‘Blue’s Clues’ host checks in after ‘Quiet on Set,’ making grown fans emotional

Steve Burns of 'Blue's Clues' waves while clad in a green striped scarf, green jacket and light brown baseball cap
Steve Burns, who starred on Nick Jr.’s “Blue’s Clues” from 1996 to 2002, paused to “listen” on TikTok to the show’s grown fans this week in the wake of the four-part “Quiet on Set” docuseries about Nickelodeon culture.
(Charles Sykes / Invision / Associated press)

Former “Blue’s Clues” host Steve Burns has conducted therapeutic check-ins with his TikTok followers occasionally since 2021 — but a recent upload hit viewers harder than usual.

This week, Investigation Discovery released a four-part docuseries, “Quiet on Set: The Dark Side of Kids TV,” which revealed the toxic culture behind some of the most popular Nickelodeon shows of the late 1990s and early 2000s.

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For many who were raised on the network’s programs, the documentary revised previously rosy childhood memories.


In a video, uploaded Thursday, Burns asks viewers with a knowing gaze, “Hey, I’m checking in. Tell me, what’s going on?”

Then, for nearly a minute, he nods quietly as though listening to them respond. As the video draws to a close, he says a simple “OK,” and after one last pause finishes with, “All right, well, it’s good to hear from you. And you look great, by the way.”

The TikTok now has more than 3.5 million views, and nearly 30,000 users have left comments expressing everything from despair to gratitude.

“After the Nickelodeon documentary Steve all I need is my blues clues to save whatever is left of this childhood I once had,” one user wrote.

“Steve checking up on the now grown up kids he left behind is another level of full circle moment,” another penned.

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While some shared what they had said to their screens, others admitted they couldn’t do anything but cry.


Resharing the video on X (formerly Twitter), one fan wrote, “Steve from Blues Clues posting this after the Nickelodeon documentary, he knew exactly what we needed.” The post has since garnered thousands of retweets.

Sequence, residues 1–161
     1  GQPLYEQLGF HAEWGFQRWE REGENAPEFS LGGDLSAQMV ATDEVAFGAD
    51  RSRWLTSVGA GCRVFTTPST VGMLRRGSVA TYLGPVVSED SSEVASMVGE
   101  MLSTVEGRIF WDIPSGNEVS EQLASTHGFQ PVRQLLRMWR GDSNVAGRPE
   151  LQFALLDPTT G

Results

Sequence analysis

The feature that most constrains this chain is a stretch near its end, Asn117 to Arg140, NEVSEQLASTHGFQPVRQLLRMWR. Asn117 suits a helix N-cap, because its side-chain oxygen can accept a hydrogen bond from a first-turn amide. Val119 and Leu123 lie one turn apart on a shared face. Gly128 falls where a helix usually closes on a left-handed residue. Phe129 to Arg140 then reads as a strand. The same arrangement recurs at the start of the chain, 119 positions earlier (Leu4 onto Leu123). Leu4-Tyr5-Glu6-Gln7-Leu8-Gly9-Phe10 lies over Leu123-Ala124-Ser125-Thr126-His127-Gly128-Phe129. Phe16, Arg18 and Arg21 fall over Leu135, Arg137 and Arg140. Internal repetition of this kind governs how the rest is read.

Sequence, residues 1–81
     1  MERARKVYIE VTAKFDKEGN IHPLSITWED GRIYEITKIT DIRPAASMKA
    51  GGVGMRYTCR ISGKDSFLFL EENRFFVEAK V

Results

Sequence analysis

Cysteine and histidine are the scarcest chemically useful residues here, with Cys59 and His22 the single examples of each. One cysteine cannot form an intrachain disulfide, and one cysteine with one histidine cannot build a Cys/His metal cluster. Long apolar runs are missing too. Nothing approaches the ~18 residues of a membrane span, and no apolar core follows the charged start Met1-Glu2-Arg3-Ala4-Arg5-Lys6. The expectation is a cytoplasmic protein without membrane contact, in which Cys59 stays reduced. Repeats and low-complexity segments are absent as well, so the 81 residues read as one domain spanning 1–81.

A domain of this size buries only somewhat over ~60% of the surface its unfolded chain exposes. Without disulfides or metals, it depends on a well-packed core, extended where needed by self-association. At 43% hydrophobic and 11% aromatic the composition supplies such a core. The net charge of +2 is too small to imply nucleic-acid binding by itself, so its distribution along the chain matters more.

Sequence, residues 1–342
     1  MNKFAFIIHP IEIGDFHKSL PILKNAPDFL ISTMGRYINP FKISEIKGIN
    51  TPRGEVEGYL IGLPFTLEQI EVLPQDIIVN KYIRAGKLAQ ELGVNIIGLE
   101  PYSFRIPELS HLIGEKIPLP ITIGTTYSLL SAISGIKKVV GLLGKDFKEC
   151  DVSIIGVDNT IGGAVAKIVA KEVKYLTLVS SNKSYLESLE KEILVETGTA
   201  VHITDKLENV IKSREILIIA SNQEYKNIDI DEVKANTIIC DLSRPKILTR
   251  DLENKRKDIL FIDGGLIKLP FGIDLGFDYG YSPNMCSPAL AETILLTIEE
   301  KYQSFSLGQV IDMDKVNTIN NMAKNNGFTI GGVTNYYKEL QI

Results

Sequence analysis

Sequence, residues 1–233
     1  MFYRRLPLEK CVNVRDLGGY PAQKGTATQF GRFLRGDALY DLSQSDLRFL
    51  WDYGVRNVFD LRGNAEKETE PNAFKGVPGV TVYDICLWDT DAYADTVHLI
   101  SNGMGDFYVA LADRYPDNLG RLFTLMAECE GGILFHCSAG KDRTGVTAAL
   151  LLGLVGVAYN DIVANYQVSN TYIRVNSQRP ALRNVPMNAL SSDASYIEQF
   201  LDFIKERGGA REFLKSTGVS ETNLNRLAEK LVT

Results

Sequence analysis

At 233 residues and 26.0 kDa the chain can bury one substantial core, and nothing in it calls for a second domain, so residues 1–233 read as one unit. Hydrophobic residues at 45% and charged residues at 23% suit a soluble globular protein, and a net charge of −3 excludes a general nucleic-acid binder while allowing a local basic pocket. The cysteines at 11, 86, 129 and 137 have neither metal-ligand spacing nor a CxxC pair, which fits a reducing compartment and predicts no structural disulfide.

Burns led “Blue’s Clues” from the show’s premiere on Nick Jr. in 1996 until 2002, when viewers were told his character was leaving for college.

Conspiracy theories surrounding Burns’ departure abounded, but in the end, the truth was not so complicated.

“It was just simply time to go,” Burns told the Huffington Post in 2016. “I was pretty much playing a boyish, older-brotherish kind of character on the show. I was getting older; I was losing my hair; a lot of the original gangsters on the show, like the people who created it, were all moving on to other careers. It just felt like time.”

It was only after he left that he began to confront some harder truths about that season of his life, he told Variety in 2022.

“I didn’t know it yet, but I was the happiest depressed person in North America,” Burns said. “I was struggling with severe clinical depression the whole time I was on that show. It was my job to be utterly and completely full of joy and wonder at all times, and that became impossible.


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“I was always able to dig and find something that felt authentic to me that was good enough to be on the show,” he said, “but after years and years of going to the well without replenishing it, there was a cost.”

After what Burns called “a long period of healing” following his exit from the children’s show, he recently returned to the “Blue’s Clues” universe in the Paramount+ revival series “Blue’s Clues and You,” which debuted in 2019, and the 2022 movie “Blue’s Big City Adventure.”

Since reentering the public eye, he told Variety, he has taken great delight in speaking to college students about mental health and the resources he sought out to improve his own.

“Steve became my role model,” Burns said of his character from the show, “because he was not afraid to ask for help.”